Sustaining Classroom Community amidst Uncertainty - PEBC

Sustaining Classroom Community amidst Uncertainty

As we move from our classrooms into remote learning options for the next month, I am left with feelings of anxiety. What is this going to look like? What about our students who don’t have access to food, let alone technology at home? We do not have all the answers, and yet we must find ways to ensure the integrity of our classrooms remain intact in a virtual world.

For me, the first step in moving forward is thinking about what I need to maintain the community I have worked tirelessly to build since the beginning of this school year. What do I want to be sure does not disappear as we embrace the unknown?

  • Classroom Routines
  • Meaningful Relationships
  • Reader Identity
  • Responsibility and ownership for Learning

While this is not an exhaustive list, they were the first things that came to mind when I thought about important aspects of my classroom community I was unwilling to let fade. After identifying these components, I thought about how I might use technology to support these aspects of my new virtual learning community.


Even though we are shifting to remote learning, this does not mean that establishing routines are impossible. In fact, I have been thinking about the fact that having some routines may also support relationships and reader identity. Regardless of what the new online curriculum calls for, I want to set an opening and closing routine for each classroom session. I am thinking about using FlipGrid as an entry task where each day has a guiding question. This question could change each day or week or remain the same. Similarly, I would like to include an exit task outside of whatever daily assessment is required of the online curriculum. I am thinking that this could be another video reflection or maybe a shared Google Doc or a Jamboard to curate collective thinking and reflection on daily experience.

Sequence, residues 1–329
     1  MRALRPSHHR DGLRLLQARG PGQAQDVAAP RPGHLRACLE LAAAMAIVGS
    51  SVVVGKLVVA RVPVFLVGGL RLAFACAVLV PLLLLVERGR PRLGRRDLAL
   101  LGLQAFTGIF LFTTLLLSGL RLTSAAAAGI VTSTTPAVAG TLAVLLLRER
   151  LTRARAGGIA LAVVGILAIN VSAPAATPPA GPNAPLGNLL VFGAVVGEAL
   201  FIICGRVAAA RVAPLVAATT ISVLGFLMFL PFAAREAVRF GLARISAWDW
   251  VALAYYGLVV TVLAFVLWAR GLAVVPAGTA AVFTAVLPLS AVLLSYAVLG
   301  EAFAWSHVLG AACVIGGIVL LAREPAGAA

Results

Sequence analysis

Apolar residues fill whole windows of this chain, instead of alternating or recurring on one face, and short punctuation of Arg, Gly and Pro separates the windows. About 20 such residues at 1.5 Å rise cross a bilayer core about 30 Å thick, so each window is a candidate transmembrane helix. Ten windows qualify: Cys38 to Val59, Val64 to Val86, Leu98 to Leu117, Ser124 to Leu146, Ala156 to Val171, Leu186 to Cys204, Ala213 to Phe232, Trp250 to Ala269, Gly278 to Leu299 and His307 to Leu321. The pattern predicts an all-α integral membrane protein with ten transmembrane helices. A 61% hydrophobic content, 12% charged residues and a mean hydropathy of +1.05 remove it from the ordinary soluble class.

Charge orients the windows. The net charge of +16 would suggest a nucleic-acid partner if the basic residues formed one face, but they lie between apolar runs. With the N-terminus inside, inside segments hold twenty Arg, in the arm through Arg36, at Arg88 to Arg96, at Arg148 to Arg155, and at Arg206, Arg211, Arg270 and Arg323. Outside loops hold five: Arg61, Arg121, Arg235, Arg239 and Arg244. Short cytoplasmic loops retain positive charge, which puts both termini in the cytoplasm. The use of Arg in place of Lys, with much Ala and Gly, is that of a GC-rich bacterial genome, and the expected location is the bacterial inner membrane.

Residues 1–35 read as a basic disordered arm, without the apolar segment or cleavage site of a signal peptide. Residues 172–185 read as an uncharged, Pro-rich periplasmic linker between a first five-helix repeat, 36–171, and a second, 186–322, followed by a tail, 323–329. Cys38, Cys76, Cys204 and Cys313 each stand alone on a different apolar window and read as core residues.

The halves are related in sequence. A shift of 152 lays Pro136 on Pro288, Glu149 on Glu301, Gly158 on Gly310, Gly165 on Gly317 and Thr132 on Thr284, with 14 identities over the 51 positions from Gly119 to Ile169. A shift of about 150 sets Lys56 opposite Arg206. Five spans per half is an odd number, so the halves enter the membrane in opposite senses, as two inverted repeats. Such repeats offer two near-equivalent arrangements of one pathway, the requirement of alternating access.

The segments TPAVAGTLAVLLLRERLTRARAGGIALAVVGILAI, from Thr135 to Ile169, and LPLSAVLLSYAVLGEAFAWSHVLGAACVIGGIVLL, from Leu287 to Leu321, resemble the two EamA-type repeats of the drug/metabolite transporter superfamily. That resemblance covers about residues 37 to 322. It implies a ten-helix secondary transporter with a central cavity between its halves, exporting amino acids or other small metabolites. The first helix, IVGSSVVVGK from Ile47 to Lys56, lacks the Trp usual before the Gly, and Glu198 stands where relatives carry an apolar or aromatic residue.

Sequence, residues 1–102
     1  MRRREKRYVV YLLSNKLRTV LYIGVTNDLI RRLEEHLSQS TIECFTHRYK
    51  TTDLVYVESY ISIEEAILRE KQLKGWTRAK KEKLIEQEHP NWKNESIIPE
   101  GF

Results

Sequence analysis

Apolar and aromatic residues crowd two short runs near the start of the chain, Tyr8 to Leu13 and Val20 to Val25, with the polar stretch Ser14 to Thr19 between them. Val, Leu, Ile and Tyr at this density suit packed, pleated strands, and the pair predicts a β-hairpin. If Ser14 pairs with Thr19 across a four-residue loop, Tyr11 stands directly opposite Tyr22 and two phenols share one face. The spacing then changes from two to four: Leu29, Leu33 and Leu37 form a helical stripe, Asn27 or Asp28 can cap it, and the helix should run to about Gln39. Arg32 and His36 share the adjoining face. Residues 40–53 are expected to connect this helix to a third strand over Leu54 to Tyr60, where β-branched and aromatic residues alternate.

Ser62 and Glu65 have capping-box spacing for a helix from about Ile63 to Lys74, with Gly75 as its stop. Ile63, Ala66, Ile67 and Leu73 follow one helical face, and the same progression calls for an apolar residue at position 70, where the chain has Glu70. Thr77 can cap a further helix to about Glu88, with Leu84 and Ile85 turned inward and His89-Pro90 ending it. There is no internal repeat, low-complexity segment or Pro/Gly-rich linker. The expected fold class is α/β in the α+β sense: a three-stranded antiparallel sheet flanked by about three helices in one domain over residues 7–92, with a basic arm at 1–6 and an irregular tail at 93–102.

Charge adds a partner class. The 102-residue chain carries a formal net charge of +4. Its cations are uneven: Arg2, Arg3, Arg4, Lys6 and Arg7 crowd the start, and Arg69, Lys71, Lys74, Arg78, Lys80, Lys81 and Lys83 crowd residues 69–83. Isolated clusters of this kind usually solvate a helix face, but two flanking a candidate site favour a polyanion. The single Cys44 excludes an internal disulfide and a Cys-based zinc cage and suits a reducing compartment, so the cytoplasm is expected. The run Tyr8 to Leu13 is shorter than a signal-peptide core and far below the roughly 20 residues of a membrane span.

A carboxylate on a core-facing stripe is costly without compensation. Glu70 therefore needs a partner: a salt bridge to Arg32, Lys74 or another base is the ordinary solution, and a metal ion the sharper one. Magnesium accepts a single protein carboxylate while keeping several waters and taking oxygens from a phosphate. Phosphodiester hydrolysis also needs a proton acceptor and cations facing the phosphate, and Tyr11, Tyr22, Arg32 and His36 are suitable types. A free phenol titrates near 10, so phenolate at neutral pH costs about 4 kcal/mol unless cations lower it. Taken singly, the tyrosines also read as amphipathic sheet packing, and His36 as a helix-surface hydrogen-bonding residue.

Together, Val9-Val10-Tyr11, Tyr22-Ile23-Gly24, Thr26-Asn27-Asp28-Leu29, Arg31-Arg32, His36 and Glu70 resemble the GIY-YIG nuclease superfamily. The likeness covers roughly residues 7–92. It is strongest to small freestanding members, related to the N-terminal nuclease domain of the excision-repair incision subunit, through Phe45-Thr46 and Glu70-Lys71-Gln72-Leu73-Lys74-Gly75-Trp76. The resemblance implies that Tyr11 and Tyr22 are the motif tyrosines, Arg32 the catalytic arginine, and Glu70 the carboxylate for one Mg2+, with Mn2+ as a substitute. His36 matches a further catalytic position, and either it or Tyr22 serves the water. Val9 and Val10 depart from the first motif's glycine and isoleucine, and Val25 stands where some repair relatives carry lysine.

As part of my entry and exit routines into our virtual lessons, I plan to use some questions to support community building. The kinds of questions I want to use will be more for connecting with my students as people.  I know they would rather be in school than on their computer. They want social interaction and I want to support healthy social interaction online by incorporating some questions that are related to their own experiences. Additionally, I would like to support relationships with my students through individual and small group conferencing on Google Hangouts. In order to make this manageable, I will use Google Sheets to set up a schedule at the beginning of each week. This way I can share it with students on Monday and they know exactly when they will meet with me online.

Reader Identity

In my classroom, we read every day and share our thinking through book tweets. I am thinking about having students keep a blog, or glog, using either Glogster or Edublogs to track their reading progress and reflect on what they are reading. At the end of each week, I would like to set aside time for students to go and read and comment on each other’s blogs. The tech piece of this might be a heavy lift for some students, however one of the nice features of Google Hangouts is screen sharing. I can model the process and record it using a program like Screencastify so students can go back and watch it.


I want to make sure that my students are not passively accepting information in a digital format. When I am walking around my classroom, I can ask questions to nudge reflection. How can I push them to reflect in a self-paced world? How can we still be part of a learning community rather than individually just complete tasks? There are so many tools to support student reflection and thinking about the topics covered through the digital curriculum. I want students to have responsibility and ownership over their learning. To that end, my students can create video reflections or use GSuite tools to create presentations for materials. Blogging to create a professional portfolio learning is also an option through website generators like Weebly or WordPress. I think the most important thing I can do in my new virtual classroom community is be present, flexible, and provide opportunities to share ideas and collaborate.